So, conclusion one is simple: the future demands leaders – not just sustainable ones, but leaders full stop. A statement of the obvious, yes, but a salutary reminder that we have few true leaders today.
A leader takes full account of the multiple social, environmental and economic factors that shape their future success, not just within the ‘normal’ boundaries of their organisation but flying in from all angles. And not just see them as specific issues to be managed in isolation, but as overlapping, interplaying issues, that literally need the ‘dots joining’. Nowhere is this more obvious in the food, water, energy trifecta where any solution adopted on one has profound implications for the other. Above all they solve issues together, internally and externally, managers tend to walk alone.
Leaders recognise that the decisions we make have consequences. We seem to have entered a period of ‘weightless’ decision making, where we see only the upsides of progress, for example globalisation, and not the impacts, the loss of manufacturing jobs in the developed world and the inevitability that many will dissent with the outcomes it creates. The Fourth Industrial Revolution (robots to artificial intelligence; nano to biotechnology) will pose the same challenge: embrace change but anticipate its impacts.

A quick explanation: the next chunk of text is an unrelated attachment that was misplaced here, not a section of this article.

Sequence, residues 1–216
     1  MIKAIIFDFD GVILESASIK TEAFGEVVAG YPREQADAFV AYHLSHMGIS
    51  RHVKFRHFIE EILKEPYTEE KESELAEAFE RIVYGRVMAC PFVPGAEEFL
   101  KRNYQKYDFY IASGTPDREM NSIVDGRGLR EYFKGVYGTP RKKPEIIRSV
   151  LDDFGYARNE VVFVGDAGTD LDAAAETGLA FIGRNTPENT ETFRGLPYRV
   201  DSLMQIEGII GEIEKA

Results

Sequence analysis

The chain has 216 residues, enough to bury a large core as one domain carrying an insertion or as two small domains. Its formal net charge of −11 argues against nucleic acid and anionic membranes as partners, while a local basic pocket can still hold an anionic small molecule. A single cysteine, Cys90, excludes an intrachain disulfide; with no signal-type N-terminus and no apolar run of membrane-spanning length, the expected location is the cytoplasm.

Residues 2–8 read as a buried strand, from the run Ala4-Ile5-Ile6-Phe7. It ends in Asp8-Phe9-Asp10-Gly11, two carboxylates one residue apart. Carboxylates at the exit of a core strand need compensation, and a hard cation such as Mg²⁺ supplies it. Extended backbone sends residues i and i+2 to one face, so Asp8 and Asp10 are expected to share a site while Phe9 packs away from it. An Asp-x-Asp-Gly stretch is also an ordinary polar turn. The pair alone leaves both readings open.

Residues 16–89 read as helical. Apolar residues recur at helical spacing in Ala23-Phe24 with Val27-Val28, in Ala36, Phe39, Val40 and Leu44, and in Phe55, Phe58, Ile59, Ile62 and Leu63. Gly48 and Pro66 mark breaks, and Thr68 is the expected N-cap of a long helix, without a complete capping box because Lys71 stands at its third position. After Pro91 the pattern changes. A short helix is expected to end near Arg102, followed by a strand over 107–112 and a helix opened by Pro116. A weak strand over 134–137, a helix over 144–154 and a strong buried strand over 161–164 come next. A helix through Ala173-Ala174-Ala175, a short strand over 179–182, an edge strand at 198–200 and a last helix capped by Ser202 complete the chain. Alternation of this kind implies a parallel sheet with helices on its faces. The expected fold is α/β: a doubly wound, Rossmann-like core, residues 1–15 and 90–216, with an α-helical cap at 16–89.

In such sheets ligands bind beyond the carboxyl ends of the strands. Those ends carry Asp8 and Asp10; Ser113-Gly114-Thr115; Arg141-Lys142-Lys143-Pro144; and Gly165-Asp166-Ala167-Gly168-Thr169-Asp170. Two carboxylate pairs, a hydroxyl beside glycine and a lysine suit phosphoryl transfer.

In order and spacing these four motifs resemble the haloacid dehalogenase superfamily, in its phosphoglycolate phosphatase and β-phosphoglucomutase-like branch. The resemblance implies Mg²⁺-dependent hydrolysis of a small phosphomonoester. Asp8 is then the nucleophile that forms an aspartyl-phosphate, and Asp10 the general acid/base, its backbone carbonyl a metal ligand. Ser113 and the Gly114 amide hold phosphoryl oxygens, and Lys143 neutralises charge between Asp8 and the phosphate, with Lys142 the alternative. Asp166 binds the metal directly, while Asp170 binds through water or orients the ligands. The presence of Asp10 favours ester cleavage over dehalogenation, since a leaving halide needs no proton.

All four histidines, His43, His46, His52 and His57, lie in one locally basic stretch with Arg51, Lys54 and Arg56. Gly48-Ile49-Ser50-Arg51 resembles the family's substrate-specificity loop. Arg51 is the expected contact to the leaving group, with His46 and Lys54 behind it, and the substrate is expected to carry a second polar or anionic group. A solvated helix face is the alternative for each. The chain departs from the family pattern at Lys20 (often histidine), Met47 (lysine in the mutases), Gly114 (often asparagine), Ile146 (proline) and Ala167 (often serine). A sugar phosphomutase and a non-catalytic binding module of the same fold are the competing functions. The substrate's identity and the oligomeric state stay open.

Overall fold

Leaders are able to manage trade-offs and have the confidence and ability to step into people’s day-to-day lives and explain that the actions taken on their behalf have pros and cons. This need to step out of Westminster, Brussels, the Beltway (and soon, New Delhi and Beijing) and converse with people and treat them as adults, and in turn encourage them to participate in democracy – international, national and local, is vital. And, of course, this is made difficult by the shift in the worldwide web from thing of wonder and democratic possibility to something darker and more easily utilised by the forces of reaction.
So, let’s end on a few practical ideas for sustainable business leaders.
1) Business benefit – many of us in the world of sustainable business have a strong personal value set. Never lose it, but equally don’t impose it quixotically on your business. Your whole work has to be framed around creating a better business, only then will your passion be taken to heart by your colleagues and taken to scale across all that the business does. So, delight your customers, differentiate your products, grow revenue through new sustainable products and services, motivate your people, make your organisation leaner, your supply chains more resilient. Never stop the mantra that ‘sustainable’ is better for the business, its customers, shareholders and employees.